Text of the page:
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Rural burial sites and graves

28 July 2016

Introduction
For time in memorial farmers traditionally buried members of their family on the family farm, and similarly farm workers and their family members were also buried on farms on which they worked and resided. This custom changed over the years, but in respect of black people there are specific cultural and financial reasons for burying loved ones on the farms where they lived or where their ancestors were laid to rest. It is now trite law that once an established practice for burials exist, as well as in respect of visitation rights, such rights cannot be unilaterally terminated by the land owner.

Given the security issues, the burials on farms as well as the visitation of graves have become problematic and a much uncertainty prevails at present in this regard.

Authoritative Legislation
The Extension of Tenure Security Act No. 62 of 1997 as amended (the Act), also known as ESTA, affords the legislative authorization for the burial on farms in certain instances, namely where the deceased was a long time occupier and where it was customary to allow burials.

Section 6(2) of the Act provides that an owner in such circumstances will be obliged to permit the burial, but may set reasonable conditions for the burial. A farm owner also has a choice to allow for such burials, irrespective of whether the Act allows for it or not.

In urban areas burials are regulated by the Municipal regulations and the Act must be read in conjunction with any such Municipal regulation. An example of such Municipal regulation is contained in the Mogale City Ordinance on Graveyards, and section 51 of the said Ordinance which reads as follows:

"51. No further burials will be permitted on farms where the municipality has established rural cemeteries for such purpose. Existing farm cemeteries will be deemed as closed as from 1 January 2006 and all burial needs emanating from such farmlands will be directed to the public cemeteries that will be allocated by the Municipality".

Case Law
Our courts have clearly expressed themselves on the burials on farms. In the case of Dlamini and Another v Joosten and Others (30/05) [2005] ZASCA the court found as follows:

"The burial right in s 6(2) (dA) of the Act is an incidence of the right of residence contained in s6 (1), which creates a real right in land. Such a right is in principle registrable in a Deeds Registry because it constitutes a 'burden on the land' by reducing the owner's right of ownership of the land and binds successors in title. The burial right is in the nature of a personal servitude which the occupier has over the property on which he possesses a real right of residence at death of a family member who at the time of death was residing on the land. These rights are claimable against the owners of registered land only."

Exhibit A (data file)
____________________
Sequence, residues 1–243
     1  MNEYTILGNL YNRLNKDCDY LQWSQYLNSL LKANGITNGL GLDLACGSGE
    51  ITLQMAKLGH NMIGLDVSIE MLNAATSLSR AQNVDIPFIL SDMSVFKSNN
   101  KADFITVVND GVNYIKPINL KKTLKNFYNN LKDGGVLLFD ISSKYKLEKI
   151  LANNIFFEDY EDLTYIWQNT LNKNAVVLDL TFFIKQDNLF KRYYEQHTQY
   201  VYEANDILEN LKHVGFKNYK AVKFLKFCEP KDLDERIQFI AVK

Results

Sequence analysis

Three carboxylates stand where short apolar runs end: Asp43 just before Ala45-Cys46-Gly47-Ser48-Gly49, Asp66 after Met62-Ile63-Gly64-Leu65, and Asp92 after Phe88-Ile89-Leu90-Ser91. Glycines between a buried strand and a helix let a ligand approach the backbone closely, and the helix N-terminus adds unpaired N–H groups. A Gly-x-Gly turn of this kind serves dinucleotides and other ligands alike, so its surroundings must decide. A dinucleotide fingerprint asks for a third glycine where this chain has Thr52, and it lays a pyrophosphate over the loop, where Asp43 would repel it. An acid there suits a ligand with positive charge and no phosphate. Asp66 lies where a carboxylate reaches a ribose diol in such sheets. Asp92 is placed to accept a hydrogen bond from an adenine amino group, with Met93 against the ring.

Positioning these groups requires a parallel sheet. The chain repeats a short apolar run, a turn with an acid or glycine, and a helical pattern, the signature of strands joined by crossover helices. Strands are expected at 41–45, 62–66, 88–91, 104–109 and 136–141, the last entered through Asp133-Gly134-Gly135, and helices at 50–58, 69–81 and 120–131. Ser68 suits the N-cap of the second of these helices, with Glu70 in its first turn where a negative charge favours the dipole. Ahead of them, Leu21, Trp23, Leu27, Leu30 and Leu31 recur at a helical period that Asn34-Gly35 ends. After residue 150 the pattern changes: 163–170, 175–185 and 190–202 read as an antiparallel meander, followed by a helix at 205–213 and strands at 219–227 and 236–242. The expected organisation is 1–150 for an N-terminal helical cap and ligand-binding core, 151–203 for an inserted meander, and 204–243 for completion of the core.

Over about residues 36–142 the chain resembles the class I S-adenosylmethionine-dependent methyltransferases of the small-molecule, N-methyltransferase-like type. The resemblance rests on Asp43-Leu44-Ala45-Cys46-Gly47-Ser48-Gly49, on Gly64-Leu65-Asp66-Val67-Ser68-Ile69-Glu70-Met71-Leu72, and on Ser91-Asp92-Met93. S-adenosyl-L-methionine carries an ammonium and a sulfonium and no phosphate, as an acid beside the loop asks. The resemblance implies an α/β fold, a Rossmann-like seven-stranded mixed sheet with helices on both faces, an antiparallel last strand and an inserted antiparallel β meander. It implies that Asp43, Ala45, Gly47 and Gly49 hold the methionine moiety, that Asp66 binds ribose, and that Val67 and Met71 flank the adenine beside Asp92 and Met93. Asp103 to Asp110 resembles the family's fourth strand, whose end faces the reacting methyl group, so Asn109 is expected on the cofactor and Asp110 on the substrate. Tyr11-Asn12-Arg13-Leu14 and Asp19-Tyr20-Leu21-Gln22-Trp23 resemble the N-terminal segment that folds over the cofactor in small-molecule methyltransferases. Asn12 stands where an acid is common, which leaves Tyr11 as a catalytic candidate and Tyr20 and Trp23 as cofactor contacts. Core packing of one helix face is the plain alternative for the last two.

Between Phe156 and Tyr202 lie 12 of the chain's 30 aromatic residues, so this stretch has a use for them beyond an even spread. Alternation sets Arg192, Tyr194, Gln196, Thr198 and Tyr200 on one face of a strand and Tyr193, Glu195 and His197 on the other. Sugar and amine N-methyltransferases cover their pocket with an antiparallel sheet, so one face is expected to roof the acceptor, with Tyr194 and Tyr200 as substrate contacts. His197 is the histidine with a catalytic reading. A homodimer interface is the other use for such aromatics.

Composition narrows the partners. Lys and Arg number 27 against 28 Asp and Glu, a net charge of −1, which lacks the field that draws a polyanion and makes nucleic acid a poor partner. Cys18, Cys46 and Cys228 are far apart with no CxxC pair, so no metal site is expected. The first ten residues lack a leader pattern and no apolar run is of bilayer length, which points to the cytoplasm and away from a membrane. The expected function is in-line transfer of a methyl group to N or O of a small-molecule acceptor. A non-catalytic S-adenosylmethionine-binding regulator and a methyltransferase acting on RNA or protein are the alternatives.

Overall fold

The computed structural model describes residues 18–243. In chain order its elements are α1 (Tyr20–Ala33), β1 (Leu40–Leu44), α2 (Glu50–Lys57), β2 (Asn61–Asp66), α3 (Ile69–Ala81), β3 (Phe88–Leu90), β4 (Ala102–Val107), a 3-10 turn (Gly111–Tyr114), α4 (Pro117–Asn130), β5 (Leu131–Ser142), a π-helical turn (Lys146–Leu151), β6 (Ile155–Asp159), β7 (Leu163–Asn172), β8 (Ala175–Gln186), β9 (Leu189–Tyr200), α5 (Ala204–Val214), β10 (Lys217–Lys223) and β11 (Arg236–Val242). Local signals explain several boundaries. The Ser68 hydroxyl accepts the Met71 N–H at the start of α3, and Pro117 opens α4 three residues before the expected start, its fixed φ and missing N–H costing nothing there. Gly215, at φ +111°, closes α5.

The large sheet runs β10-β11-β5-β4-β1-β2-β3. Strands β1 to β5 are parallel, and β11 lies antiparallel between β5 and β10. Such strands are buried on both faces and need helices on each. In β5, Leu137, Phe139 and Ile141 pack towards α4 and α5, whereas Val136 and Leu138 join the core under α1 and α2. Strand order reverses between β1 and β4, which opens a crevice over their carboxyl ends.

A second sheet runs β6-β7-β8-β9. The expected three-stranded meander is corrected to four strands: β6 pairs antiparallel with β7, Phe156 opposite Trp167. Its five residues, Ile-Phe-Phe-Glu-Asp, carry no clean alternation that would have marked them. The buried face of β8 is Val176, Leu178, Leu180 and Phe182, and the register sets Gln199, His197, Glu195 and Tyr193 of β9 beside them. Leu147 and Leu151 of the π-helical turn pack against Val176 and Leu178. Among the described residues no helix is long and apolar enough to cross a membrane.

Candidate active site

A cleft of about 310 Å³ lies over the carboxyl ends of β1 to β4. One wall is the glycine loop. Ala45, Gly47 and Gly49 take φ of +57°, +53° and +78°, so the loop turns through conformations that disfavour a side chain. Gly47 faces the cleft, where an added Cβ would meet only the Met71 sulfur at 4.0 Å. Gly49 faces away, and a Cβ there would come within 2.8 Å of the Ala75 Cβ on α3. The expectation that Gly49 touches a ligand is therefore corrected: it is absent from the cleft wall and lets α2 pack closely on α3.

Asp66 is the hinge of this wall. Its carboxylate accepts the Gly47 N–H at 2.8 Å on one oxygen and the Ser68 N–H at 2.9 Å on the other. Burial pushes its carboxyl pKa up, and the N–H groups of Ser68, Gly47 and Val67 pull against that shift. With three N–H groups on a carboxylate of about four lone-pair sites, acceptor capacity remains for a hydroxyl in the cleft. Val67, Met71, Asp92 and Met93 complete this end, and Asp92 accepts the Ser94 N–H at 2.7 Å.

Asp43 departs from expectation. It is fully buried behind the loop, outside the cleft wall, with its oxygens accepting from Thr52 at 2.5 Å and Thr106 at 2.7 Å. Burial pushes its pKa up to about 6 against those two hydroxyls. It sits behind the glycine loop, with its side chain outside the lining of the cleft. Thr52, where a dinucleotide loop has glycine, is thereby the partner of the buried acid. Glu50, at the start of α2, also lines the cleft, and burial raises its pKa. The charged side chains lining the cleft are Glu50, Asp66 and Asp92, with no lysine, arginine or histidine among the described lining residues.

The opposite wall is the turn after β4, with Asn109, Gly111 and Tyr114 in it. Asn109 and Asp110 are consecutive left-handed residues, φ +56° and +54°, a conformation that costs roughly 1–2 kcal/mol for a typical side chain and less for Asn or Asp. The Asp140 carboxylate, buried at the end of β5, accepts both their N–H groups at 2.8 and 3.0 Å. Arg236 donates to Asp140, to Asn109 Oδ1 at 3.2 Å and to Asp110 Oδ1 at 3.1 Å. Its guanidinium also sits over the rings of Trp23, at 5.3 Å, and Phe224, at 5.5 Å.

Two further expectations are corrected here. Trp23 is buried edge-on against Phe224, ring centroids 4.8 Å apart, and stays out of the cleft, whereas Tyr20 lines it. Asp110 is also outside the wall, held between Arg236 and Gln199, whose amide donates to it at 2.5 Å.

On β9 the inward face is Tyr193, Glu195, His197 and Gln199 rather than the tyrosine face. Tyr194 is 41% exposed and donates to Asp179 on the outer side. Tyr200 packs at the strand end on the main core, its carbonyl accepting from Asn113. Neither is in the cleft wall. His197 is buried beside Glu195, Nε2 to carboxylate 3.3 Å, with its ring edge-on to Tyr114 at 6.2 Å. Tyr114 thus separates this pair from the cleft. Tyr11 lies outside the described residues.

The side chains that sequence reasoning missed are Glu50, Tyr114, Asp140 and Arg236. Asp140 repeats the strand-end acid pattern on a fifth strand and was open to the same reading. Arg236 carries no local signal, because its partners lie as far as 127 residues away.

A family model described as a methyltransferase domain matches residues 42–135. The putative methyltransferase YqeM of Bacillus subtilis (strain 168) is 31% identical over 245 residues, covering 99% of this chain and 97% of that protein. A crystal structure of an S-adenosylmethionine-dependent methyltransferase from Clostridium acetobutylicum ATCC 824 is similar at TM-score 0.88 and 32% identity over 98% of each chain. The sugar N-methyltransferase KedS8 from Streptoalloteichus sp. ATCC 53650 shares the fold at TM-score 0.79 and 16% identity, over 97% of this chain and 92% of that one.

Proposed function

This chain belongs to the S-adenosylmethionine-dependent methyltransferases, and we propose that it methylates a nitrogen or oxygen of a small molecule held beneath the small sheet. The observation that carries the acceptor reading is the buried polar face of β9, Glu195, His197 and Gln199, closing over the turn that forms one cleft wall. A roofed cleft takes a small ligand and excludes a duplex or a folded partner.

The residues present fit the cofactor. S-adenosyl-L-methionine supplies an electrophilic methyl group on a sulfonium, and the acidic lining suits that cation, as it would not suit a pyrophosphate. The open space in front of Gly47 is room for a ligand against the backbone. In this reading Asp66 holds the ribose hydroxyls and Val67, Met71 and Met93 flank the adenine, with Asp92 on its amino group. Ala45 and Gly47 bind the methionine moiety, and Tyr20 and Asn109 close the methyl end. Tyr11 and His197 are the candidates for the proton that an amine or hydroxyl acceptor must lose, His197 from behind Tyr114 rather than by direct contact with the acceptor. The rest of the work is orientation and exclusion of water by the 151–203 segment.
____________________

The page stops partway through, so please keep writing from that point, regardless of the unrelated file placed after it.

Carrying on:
The Court also found that the family had the right to bury the deceased on the farm of the Respondent's brother where she had resided at the time of her death. The Court held that a landowner had no right to unilaterally stop an establishment practice of burial. The Court stated:

"As mentioned earlier, the Act grants to an occupier a real right in land that belongs to another person. And the right of an occupier to bury a deceased family member on such land is an incidence of this right. The withdrawal of consent by an owner for an occupier to bury a deceased family member is therefore an unlawful deprivation of this right."

Another important and more recent unreported case is that of NJ Thwala v Greyling and Umfoyo (Pty) Ltd, which was decided in 2009 by the Land Claims Court. This was an urgent application to allow a night vigil and burial to go ahead on a farm in the Wakkerstroom district. The deceased was the son of an occupier who resides on the farm Geluk. The son was at school in Wakkerstroom and only spent weekends on the farm. The Court had to decide whether or not the deceased resided on the farm at the time of his death. In this respect the Court found:

"It is not necessary to be physically present at the residence all day each day to be residing in the particular premises. The location of the person's belongings, where their social engagements occur, frequency of visits or absence are all indicative of whether a person is residing in a particular property".

The Court therefore held that the deceased did reside on the farm, even though he only spent weekends there and that his family did have the right to bury him on the farm.

Conclusion
From the aforesaid Act and the case law referred to, burial and visitation rights are real rights which are capable of being registered against the title deeds of farms. To protect the interests of all parties it is strongly advised to have such rites registered as personal servitudes. The withholding of a consent by an owner to bury a deceased family member is thus an unlawful deprivation of this right, whether registered as a personal servitude or not.

Allen West
Property Law Specialist
MacRobert Incorporated

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